The film's opening sequence really strikes a sinister note, in my mind. it's a highly mechanized, industrial image of the chocolate factory at work - bars of chocolate being produced and wrapped by machines. The clanging, repetive music and the images of shiny metal and high-tech machinery reinforces the mechanized, industrial nature of Wonka's corporation. The factory appears, to me, like the semi-chilling images in Van Allsburg's Polar Express, with the industrial North Pole dominated by a single controlling boss. The factory and Wonka are not benign philanthropists - Wonka's a businessman, a moneymaker - and one gets the sense, partly through the film's score - that the whole enterprise is a kind of mechanized behemoth, rolling on unstoppably. The inserted backstory that Grandpa Joe once worked for Wonka, but was then laid off at the factory's closing gives an implied criticism that Wonka's decision led to, or at least accelerated, the family's dire poverty.

There are some moments of utter brilliant referentiality - an Edward Scissorhands reference early on, an extended homage to 2001: A Space Odyssey -and one that my mom picked out after I described it: viewed from the elevator, fluffy pink sheep being sheared for their wool. Wonka mutters: "I don't want to talk about that one." My mom brilliantly suggested Ed Wood, the director Depp portrayed in another Burton film - Wood, the director of terrible sci-fi movies and cross-dresser favoring fluffy angora sweaters.

It's clear as well that the film nods to the 1971 film, directed by Mel Stuart - the tiny entrance to the Chocolate Room, the set of that same room are both wildly similar to the '71 film. But this is NOT a remake of that movie; this is a new adaptation of Dahl's novel. I want to stress this because Wilder has evidently criticized Burton's "remake" of what Wilder and many others perceive to be a classic film. Burton and August and this cast have done something quite different - funnier, edgier and I would argue darker or more sinister - than the '71 film (which is quite good in its own right).

Overall, this is a really good film. For purists of the novel - and Dahl's work in general - the conclusion and added backstories are a big letdown. But the sheer entertainment value of the rest of the movie - and the unbelievably fine acting from Depp and Freddie Highmore - are a sufficient counterweight to the needlessly sentimental conclusion. The children are so over-the-top appalling, as are their parents - and Charlie and the Buckets so clearly normal and decent (but not chokingly angelic) - and Wonka is so flat-out odd and entertaining that I think the film succeeds smashingly.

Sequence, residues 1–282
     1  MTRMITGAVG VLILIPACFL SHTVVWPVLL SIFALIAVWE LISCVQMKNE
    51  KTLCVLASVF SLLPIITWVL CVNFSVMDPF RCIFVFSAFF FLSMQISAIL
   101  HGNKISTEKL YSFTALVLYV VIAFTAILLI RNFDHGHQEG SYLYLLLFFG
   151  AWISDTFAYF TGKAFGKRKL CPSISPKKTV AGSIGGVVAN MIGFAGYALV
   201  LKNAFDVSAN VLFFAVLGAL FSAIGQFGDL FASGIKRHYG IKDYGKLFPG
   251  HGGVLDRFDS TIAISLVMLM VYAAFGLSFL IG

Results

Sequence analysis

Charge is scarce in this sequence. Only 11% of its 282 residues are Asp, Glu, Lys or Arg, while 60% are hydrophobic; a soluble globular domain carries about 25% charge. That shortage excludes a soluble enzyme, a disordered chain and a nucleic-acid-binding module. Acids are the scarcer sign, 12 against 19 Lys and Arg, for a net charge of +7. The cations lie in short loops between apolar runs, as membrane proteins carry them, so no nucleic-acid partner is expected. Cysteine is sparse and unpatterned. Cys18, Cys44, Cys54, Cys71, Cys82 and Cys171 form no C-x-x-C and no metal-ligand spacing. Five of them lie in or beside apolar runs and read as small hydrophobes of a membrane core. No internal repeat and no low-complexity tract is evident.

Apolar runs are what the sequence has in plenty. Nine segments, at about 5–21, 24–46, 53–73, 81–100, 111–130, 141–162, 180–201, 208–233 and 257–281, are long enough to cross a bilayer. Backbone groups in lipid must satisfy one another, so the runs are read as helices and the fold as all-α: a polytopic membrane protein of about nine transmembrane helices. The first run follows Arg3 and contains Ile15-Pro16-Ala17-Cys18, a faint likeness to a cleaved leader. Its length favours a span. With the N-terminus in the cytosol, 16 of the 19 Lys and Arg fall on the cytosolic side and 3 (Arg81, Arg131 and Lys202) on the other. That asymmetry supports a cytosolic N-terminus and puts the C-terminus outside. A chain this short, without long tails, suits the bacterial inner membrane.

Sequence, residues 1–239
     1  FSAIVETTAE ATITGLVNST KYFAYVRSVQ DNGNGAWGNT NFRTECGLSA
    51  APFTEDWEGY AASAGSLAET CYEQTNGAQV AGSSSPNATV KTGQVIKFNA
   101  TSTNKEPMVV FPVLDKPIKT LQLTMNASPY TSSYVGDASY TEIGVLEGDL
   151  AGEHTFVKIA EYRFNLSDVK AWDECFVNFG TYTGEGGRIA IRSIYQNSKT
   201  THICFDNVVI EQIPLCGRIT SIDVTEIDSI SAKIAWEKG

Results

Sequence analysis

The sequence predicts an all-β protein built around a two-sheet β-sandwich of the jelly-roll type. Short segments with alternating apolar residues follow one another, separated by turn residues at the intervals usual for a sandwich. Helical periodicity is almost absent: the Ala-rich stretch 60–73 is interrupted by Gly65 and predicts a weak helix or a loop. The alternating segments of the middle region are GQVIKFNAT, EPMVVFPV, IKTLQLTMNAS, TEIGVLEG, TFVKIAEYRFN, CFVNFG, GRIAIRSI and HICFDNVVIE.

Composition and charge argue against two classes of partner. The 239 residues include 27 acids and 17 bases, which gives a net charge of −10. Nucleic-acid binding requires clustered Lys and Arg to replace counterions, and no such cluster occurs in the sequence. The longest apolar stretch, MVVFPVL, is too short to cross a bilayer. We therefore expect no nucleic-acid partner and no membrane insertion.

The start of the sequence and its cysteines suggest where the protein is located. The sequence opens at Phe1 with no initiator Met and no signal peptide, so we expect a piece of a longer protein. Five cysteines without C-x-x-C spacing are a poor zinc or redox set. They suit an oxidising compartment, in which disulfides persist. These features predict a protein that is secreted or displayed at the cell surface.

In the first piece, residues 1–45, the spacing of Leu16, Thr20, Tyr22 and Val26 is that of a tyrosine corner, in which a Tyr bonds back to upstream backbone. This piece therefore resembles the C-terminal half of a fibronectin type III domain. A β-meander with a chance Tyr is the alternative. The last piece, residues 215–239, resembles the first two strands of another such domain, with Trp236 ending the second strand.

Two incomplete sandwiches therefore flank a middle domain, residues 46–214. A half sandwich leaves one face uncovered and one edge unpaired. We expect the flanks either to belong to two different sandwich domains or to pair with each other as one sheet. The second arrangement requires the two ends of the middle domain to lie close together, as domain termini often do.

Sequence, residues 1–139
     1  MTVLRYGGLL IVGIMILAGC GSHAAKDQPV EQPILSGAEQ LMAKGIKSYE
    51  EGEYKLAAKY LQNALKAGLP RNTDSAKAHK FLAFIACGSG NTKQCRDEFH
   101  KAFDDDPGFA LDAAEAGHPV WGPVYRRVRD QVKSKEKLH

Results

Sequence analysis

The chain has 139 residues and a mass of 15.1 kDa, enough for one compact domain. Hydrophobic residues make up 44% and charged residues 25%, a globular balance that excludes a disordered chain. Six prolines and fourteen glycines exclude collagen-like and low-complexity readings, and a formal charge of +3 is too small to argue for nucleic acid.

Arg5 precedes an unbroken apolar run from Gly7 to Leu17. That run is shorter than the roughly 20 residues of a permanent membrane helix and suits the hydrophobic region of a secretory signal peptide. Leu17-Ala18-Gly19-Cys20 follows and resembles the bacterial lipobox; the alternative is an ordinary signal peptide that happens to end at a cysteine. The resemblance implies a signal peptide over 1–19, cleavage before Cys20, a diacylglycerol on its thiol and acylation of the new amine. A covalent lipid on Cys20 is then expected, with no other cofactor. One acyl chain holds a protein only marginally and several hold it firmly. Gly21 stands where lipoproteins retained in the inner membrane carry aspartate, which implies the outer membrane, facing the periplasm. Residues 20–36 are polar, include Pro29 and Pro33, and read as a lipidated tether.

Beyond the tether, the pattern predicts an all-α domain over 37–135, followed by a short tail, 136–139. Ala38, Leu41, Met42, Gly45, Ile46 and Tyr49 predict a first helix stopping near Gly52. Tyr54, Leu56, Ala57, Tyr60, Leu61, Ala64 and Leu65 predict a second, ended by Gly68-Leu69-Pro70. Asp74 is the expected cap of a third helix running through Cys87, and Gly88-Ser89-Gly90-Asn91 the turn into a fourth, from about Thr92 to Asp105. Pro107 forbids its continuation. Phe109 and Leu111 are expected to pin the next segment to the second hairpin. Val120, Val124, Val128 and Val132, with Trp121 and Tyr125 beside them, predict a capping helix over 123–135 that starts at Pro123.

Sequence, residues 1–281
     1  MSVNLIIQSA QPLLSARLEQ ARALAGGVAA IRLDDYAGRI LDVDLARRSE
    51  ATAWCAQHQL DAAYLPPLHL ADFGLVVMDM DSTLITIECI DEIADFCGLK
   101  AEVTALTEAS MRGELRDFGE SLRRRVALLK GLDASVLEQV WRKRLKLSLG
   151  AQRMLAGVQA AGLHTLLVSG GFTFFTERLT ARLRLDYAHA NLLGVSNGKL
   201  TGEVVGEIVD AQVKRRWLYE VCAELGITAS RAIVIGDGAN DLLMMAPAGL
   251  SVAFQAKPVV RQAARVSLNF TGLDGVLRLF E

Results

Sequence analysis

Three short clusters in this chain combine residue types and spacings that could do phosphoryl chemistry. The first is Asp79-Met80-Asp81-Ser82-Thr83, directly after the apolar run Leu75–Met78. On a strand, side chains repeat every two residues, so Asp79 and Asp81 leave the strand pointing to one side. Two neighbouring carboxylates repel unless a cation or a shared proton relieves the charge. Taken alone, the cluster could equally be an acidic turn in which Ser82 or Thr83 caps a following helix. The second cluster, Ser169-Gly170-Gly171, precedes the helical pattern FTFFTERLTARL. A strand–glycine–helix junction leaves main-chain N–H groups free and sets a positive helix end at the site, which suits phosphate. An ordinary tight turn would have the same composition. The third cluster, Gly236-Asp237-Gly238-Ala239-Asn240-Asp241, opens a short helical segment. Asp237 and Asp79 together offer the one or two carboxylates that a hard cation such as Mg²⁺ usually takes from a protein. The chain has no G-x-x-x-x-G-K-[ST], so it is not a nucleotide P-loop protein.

Though I do wonder at both film versions' need to include some kind of affirming, positive, sentimental conclusion, that is a topic for another day. There are many more things I could say about the film - small snippets of humor or cleverness or oddness - and many I probably missed, but I think this is one film where I will leave it at a strong recommendation to see the film. If nothing else, it's food for thought on the Dahl adaptation front; at best, it's a wildly peculiar and intensely funny smart and clever film.


Blogger Michele said...

Ooh I'm insanely jealous that you've seen the Marvellous Mr Depp and this film already - and even more excited about seeing the film than I already was... Thanks !!

1:12 AM  
Blogger Michele said...

Well I've now seen the film, and can I just say "Awesome" ! It was even better than I'd hoped, from the snippets of discussion I'd seen on Child_Lit. and I laughed my socks off in places - most notably when WW walks into the doors of the glass elevator, rather than through them - sorry, I know it's rather obvious humour, but that to me was what made it so funny - this is supposed to be a film for children after all !

I heard some shrieks of horror from some of the smaller children in the audience when the puppets began burning - I thought that scene was a neat parody of the singing puppets scene from Shrek, and it actually gave me a few chuckles.

All in all a film I'd recommend heartily to anyone who's got a sense of fun and of the macabre...

6:48 AM  
Anonymous Jill said...

Hi Kerry, chiming in late on this one - just saw Charlie last night. As to the mechanization in the opening scene - I saw this as less narrative than cinematic, a "ooh, look what we can do with 3D effects!" type thing. It reminded me of the doors scene in Monsters Inc, where they're jumping from door to door in a huge 3D expanse of computer-generated space. But I can see your interpretation, too.

Thanks for the extensive thoughts on this!

10:55 AM